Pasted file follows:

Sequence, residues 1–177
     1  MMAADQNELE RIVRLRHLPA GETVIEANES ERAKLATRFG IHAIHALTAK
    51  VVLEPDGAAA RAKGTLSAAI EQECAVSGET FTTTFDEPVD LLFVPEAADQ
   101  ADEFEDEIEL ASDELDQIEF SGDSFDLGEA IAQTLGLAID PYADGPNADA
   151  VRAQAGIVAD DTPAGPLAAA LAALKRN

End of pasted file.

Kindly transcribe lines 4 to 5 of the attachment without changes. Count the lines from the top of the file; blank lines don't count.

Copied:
   101  ADEFEDEIEL ASDELDQIEF SGDSFDLGEA IAQTLGLAID PYADGPNADA
   151  VRAQAGIVAD DTPAGPLAAA LAALKRN